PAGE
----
In my personal experience, quite often I came across the need to test and optimize queries used by REF CURSORS. Sometimes it’s a really painless operation, other times it can really be a very long and complex operation that can make you waste a lot of time. Let’s see what we would normally do in a simple case: consider a procedure GET_DATA which returns a SYS_REFCURSOR
create or replace procedure get_data(pi_table_name in VARCHAR2,
po_resultset out SYS_REFCURSOR) is
open po_resultset for
select atc.OWNER, atc.COLUMN_NAME, atc.DATA_TYPE
from all_tab_columns atc
where table_name = pi_table_name
order by column_id;
The query used for the ref cursor is quite simple, it extracts 3 columns and uses just one parameter as a filter. In such case, if I wanted to test the query, I would probably take it outside and run it manually to perform my test.
INTERVAL partitioning has been introduced by Oracle as an extension of RANGE partitioning. There are few limitations like the fact that’s not supported at subpartition level and the partitioning key has to be a DATE or NUMBER but also some interesting advantages. When a table is partitioned by INTERVAL, in fact, partitions are created automatically as data is loaded into the table so we don’t have to bother creating anything in advance. We might, anyway, prefer to maintain our historical data in tables that are partitioned by RANGE. This because it’s common to keep inside the system a “rolling window” (e.g. last 90 days) of historical data meaning oldest partitions are dropped as soon as they become obsolete and with INTERVAL partitioning the last partition in the range section cannot be dropped. Moreover, in many processes it’s preferrable to have a full control of which partitions are created because data loaded into the system is not guaranteed to be “clean” and rows that don’t map to existing partitions have to be rejected.
After all these considerations, let’s have a look at what we can do to make the best out of both partitioning options (tested on 11g).
In this post I’ll show how incredibly easy is to read data from a table by having only the INDEX privilege granted on it. It’s something I found out when preparing a demo about Oracle Virtual Private Database, you’ll see why later on in this post.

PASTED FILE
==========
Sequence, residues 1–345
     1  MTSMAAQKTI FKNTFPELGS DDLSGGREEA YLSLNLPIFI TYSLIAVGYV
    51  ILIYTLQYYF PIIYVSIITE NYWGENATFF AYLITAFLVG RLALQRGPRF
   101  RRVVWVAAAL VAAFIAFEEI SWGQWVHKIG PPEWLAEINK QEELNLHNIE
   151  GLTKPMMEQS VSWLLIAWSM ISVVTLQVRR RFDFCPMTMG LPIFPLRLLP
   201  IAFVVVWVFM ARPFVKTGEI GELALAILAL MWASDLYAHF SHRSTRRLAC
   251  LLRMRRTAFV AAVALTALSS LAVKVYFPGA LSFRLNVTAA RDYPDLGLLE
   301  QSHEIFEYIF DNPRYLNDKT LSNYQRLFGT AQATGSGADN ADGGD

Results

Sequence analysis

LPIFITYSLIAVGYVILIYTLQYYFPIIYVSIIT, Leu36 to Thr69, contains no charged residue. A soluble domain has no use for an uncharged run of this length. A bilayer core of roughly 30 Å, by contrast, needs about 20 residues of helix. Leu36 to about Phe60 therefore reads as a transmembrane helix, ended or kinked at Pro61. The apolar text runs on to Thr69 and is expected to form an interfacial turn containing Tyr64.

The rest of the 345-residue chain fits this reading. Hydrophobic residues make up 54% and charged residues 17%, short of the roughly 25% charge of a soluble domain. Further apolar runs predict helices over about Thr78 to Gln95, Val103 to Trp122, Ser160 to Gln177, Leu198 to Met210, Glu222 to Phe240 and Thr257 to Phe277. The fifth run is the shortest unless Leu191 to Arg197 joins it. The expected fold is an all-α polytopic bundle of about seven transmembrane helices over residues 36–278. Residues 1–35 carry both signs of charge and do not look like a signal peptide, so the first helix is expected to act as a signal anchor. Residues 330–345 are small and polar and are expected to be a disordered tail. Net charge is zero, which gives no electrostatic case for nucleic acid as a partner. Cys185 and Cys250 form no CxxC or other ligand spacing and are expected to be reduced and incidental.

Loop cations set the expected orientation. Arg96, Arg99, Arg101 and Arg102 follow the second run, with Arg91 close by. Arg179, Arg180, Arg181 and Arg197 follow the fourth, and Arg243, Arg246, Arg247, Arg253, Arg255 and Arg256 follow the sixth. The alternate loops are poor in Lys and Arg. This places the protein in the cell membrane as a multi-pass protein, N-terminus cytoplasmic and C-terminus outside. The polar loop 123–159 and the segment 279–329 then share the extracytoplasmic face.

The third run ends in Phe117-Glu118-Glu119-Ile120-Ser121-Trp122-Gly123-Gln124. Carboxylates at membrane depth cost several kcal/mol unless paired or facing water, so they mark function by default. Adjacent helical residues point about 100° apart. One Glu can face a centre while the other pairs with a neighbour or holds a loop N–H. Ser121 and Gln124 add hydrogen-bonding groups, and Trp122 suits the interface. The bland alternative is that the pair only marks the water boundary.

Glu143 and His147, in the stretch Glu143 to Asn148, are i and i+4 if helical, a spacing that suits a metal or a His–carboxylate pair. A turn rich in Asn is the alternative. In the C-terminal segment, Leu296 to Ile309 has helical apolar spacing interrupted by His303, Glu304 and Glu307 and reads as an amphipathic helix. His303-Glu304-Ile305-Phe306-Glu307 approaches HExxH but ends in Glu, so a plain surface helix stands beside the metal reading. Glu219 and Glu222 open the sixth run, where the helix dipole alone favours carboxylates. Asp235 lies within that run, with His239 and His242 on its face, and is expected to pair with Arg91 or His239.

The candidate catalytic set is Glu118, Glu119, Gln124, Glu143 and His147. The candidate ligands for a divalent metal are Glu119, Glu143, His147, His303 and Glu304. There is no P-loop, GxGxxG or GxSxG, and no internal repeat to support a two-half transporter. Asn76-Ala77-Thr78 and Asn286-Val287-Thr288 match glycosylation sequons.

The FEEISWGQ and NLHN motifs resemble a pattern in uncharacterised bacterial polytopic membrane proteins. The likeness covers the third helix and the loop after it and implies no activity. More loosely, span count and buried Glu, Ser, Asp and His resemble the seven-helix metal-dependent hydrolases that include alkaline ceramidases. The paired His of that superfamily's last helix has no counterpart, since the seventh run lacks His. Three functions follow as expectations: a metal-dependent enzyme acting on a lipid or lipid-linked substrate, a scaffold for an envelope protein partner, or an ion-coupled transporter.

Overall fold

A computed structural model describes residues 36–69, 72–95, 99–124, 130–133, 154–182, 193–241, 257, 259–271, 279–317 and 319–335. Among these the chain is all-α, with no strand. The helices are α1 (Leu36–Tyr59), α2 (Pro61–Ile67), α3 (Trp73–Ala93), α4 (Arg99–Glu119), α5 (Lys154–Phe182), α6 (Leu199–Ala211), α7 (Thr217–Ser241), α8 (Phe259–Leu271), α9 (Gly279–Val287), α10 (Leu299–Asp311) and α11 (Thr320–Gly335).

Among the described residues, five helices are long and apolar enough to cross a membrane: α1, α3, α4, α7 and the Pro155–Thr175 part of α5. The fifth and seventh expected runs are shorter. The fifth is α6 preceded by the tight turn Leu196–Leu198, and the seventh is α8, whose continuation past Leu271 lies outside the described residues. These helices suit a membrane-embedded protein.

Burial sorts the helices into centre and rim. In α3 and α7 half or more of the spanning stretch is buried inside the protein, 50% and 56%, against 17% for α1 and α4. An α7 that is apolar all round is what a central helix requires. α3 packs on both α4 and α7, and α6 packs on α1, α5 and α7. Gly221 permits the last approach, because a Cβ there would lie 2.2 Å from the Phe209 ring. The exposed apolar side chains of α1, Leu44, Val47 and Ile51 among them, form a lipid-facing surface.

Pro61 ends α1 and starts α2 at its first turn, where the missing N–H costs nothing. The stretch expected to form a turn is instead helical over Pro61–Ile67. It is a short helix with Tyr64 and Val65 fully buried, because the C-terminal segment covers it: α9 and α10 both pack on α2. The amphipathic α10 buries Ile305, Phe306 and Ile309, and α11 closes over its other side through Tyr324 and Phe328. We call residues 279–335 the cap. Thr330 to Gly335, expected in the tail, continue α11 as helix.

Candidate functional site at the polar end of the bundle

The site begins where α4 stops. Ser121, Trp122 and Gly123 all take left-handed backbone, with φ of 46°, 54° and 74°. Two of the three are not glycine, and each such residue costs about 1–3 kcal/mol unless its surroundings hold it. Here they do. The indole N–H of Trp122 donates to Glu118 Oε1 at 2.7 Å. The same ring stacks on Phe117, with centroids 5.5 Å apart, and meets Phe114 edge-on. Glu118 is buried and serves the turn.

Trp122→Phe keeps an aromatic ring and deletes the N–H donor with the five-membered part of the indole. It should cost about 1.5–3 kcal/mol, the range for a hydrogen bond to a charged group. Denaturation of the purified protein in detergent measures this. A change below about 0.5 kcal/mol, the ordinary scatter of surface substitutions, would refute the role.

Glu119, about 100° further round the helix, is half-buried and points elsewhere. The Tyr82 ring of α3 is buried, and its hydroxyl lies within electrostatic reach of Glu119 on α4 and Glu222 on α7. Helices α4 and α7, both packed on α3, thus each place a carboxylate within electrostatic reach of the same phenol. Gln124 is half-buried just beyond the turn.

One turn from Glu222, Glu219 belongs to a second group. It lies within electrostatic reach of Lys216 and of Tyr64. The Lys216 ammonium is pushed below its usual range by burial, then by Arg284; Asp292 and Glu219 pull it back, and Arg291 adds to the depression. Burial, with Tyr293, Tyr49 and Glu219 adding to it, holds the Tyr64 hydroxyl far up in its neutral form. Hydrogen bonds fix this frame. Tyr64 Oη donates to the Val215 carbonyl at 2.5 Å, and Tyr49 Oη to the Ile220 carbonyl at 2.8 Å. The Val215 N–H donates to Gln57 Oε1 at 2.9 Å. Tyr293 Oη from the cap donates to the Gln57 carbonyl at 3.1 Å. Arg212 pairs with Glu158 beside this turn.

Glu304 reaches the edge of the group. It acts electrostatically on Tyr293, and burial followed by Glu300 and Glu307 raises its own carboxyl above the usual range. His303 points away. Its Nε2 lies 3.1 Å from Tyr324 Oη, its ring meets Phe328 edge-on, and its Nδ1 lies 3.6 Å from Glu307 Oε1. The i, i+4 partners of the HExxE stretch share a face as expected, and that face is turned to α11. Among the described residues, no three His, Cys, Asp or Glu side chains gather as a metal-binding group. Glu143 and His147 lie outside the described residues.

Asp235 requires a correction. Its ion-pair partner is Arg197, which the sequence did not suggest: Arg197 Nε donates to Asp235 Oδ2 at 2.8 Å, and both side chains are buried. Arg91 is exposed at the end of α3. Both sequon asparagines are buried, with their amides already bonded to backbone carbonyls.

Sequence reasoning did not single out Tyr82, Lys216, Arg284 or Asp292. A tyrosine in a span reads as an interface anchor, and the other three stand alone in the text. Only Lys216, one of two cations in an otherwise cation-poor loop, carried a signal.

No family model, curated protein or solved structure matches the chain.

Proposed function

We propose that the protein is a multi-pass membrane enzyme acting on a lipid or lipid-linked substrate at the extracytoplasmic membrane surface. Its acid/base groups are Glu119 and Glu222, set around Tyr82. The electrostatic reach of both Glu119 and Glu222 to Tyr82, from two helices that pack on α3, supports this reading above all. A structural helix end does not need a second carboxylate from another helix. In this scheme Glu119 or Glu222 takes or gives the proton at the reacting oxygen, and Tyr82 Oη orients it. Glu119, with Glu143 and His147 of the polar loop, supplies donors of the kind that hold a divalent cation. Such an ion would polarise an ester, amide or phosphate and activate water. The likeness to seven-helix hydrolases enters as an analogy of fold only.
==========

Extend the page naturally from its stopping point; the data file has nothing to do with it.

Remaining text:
Let’s imagine the following scenario: user SCOTT owns a table CUSTOMERS_CC holding sensitive information about customers
SCOTT> select * from CUSTOMER_CC;
CUST_ID CUST_NAME CC_NUMBER
---------- -------------------- --------------------
1 John Smith 1234-5899-7458-1111
2 Brenda Lipson 5093-1214-0875-1496
3 Mark Walfish 9905-8465-3208-5478
4 Artur Tork 5521-4785-0033-7408
5 Robert Koczinski 1457-9650-0897-0000
The RETURNING INTO clause is a very convenient way to retrieve values from rows that are being inserted/deleted/updated. When used with UPDATE and DELETE statements, it’s possible to retrieve values of multiple rows by using the RETURNING BULK COLLECT INTO. This is something that does not work with the INSERT statements: in that case you will be able to only return values from a single row.
Let’s see how this works and create a simple test table that will be the target of our DML operations
create table mytab(id number(3),
insert into mytab
(select rownum, date '2016-01-01' + round(dbms_random.value(0, 30)), 'CLI'||round(dbms_random.value(100, 999))||upper(dbms_random.string('A', 3))
connect by level <= 100);
First of all let’s use a simple case just to have a look at how this works.
Not everybody knows that in SQL Plus the character # (called hash or pound) has a special use that I discovered it myself not much time ago. Well, it’s not really a secret, you can read about it on the official SQL Plus manual, but it’s rarely used. The sign #, in fact, is the default character used as SQLPREFIX during a SQL Plus session and can be changed executing the command
SET SQLPRE[FIX] prefix_char
But what does it do? It tells SQL Plus to execute a SQL Plus command while in the middle of entering a SQL statement or a Pl/Sql block of code.
For example you are writing a select statement
SQL> select empno, ename,
and, while writing down the list of columns to extract, you don’t remember the name of one of them. Normally you would quit writing the query, execute a desc of the table and start writing it again from scratch. But the # sign give us another possibility. All you have to do is enter a new line, digit the magic sign # and write the desc you need
I’m pretty sure that everybody at least once in his professional coding life had the need to convert a string of character separated values into tokens or rows.
Let’s be honest, we all ended writing something like
for k in 1..length(mystring) loop
if substr(mystring), k, 1) = ',' then
strBuffer := strBuffer || substr(mystring, k, 1);
Problem is that among all those “bla” it’s quite easy to forget something (is there always a separator at the very end of the string? Any space between values and separators? Did I clean the buffer?) and in such code bugs might find a comfortable home.
Why should we write such risky code to do something that can be achieved differently in a completely reliable, fast and elegant way? And all of this just using one powerful feature that Oracle kindly introduced with version 10g (drum roll): regular expressions!